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Ghost Canyon

Title - 'Bach: Violin Concertos' [Vinyl]
Artist - Hilary Hahn

For those not in the classical know, Hilary Hahn is an American violinist who, in her active international career, has performed throughout the world both as a soloist with leading orchestras and conductors and as a recitalist.

Indeed, she also built a reputation as a champion of contemporary music. Several composers have written works especially for her, including concerti by Edgar Meyer and Jennifer Higdon and partitas by Antón García Abril.

When Hahn, did I mention, one of today’s greatest violinists, released her first CD with Deutsche Grammophon, Bach: Violin Concertos, in 2003, it immediately became a big success; praised for the soloist’s brilliance as well as for “the chamber-like interplay that produces a more ‘authentic’ impression than many performances using period instruments” (Classics Today).

15 years after the original CD release these great recordings are now, and finally, available on vinyl for the first time.

Johann Sebastian Bach (1685-1750) Side A:
Concerto for Violin, Strings and Continuo in E major (BWV 1042)
1. Allegro
2. Adagio
3. Allegro assai
Concerto for Violin, Strings and Continuo in A minor (BWV 1041)
4. (Allegro moderato)
5. Andante
6. Allegro assai

Side B:
Concerto for 2 Violins, Strings, and Continuo in D minor (BWV 1043)
1. Vivace
2. Largo ma non tanto
3. Allegro
Concerto for Oboe, Violin, Strings and Continuo in C minor (BWV 1060)
4. Allegro
5. Adagio
6. Allegro

Listening to these wondrous Bach works now on vinyl, for the very first time, it strikes me that perhaps because Hahn was relatively young at age twenty-three when she recorded these pieces in 2002-03, she was able to bring to them a youthful vitality that is sometimes missing in the performances of older artists.

Yet, as we all now know and love, the vitality in no way suggests immaturity or reckless abandon. Indeed, it brings to the works a contemporary feeling, making them sound as though written in and for our own era.

I suppose some listeners might quibble that Hahn takes things a bit faster than most older, more-traditional violinists do, but her performances are much in keeping with today's historically informed style, though not as frenetic as some period-instruments groups perform the pieces.

Anyway, if the Violin and Oboe Concerto that accompanies the Violin Concertos seems a bit more conservative by comparison, it is no less persuasive.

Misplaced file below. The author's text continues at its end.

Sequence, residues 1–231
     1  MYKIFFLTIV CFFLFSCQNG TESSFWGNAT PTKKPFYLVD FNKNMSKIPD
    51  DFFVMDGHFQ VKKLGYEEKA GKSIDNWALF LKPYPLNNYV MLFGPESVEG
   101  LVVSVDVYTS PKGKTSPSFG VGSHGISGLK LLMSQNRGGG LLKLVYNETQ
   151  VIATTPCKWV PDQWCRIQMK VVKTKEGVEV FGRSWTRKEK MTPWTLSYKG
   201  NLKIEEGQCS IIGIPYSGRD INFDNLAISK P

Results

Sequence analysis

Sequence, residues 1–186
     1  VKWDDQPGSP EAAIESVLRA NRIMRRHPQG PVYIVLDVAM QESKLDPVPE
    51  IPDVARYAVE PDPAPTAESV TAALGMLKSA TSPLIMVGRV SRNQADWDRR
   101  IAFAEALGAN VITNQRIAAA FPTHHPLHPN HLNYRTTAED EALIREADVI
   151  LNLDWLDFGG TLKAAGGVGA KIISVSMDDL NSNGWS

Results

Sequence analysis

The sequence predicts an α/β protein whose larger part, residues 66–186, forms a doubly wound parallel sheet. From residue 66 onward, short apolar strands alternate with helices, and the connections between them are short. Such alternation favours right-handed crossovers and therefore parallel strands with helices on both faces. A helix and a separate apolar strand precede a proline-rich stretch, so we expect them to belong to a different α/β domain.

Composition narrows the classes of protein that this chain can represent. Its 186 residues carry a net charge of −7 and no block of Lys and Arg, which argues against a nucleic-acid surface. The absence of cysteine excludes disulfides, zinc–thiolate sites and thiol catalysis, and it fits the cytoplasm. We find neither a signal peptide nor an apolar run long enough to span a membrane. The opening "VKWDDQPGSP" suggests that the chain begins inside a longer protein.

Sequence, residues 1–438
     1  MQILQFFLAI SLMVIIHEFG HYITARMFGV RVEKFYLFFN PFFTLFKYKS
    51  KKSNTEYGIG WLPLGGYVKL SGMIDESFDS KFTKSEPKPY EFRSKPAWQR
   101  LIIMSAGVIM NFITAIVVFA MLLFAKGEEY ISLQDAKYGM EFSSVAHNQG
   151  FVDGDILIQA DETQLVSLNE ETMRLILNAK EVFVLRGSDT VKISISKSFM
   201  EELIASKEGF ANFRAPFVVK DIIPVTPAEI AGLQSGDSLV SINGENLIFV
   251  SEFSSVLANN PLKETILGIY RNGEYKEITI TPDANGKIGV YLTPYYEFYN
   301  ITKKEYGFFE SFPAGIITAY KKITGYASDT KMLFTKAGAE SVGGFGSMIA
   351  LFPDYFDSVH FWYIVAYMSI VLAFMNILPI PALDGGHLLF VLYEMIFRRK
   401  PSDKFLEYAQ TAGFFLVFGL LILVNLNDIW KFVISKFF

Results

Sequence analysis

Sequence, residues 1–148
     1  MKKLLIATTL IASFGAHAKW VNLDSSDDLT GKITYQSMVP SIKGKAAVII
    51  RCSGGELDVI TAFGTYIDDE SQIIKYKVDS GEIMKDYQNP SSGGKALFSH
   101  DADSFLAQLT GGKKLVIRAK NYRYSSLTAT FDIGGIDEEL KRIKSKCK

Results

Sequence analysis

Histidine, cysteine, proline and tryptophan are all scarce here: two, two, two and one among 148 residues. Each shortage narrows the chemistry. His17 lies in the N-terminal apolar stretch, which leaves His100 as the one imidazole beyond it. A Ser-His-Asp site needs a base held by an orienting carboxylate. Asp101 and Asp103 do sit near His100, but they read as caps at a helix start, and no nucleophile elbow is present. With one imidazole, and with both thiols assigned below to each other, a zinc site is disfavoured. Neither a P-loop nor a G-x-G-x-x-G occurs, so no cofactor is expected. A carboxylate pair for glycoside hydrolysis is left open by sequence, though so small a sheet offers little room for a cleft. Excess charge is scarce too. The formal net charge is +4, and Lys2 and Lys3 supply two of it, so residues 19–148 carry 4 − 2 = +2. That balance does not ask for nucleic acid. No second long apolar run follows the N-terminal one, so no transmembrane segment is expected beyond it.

The E Major concerto (BWV 1042), perhaps the best known of these concertos, is one of the high points of the form during the Baroque era that Bach reigned supreme over; and Hahn gives it one of the best interpretations it has received in many years; and the A Minor concerto (BWV 1041) gives us a hint of the more somber and reflective side of Bach, again with Hahn bringing out the most in it.

Hahn also collaborates well with L.A.C.O. concertmistress Margaret Batjer on the D Minor concerto for two violins, and with L.A.C.O. principal oboist Allan Vogel on the C Minor concerto for oboe and violin.

Besides the basic chamber approach that Hahn and company take with these Bach concertos, the other noticeable thing is the way they are able to walk the fine line between modern-instrument performances and period-instrument practices without stumbling into the prissiness that more than a few people believe the period-instrument crowd engages in.

They understand that Bach was a thoroughly modern composer of his day, and that holds true even now in the 21st century.

My only quibble, of which I kind of alluded to earlier is about the depth of the sound, even here on luscious vinyl: which is almost nil. The instruments are pretty much strung out along a straight line from left to right, with little sense of the group's size or shape.

Otherwise, the sound is warm, smooth, well defined, terrifically well-balanced, and easy on the ear. For a modern recording of these Bach works played on modern instruments, this remains one of the best current choices; slightly eclipsing Grumiaux's old Philips recording in sound quality and almost everybody else in performance.

• 180g Vinyl LP
• First time available on vinyl
• Mastered from original sources
• Includes Bonus Audio CD of the complete album
• Made in Germany

'Bach: Violin Concertos' [Vinyl] Purchase Link